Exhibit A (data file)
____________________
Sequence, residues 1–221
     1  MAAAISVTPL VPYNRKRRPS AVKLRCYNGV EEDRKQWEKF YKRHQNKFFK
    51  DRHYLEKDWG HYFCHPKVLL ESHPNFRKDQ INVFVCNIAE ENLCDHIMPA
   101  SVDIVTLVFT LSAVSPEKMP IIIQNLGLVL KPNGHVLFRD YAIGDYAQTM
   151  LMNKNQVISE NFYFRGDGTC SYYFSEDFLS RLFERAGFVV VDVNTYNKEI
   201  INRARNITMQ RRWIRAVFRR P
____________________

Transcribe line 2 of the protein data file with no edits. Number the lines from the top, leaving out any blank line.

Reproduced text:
     1  MAAAISVTPL VPYNRKRRPS AVKLRCYNGV EEDRKQWEKF YKRHQNKFFK